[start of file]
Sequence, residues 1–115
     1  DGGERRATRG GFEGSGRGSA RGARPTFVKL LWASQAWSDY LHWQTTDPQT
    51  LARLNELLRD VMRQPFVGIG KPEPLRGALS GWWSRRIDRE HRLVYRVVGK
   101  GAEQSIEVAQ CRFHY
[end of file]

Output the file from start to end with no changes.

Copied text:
Sequence, residues 1–115
     1  DGGERRATRG GFEGSGRGSA RGARPTFVKL LWASQAWSDY LHWQTTDPQT
    51  LARLNELLRD VMRQPFVGIG KPEPLRGALS GWWSRRIDRE HRLVYRVVGK
   101  GAEQSIEVAQ CRFHY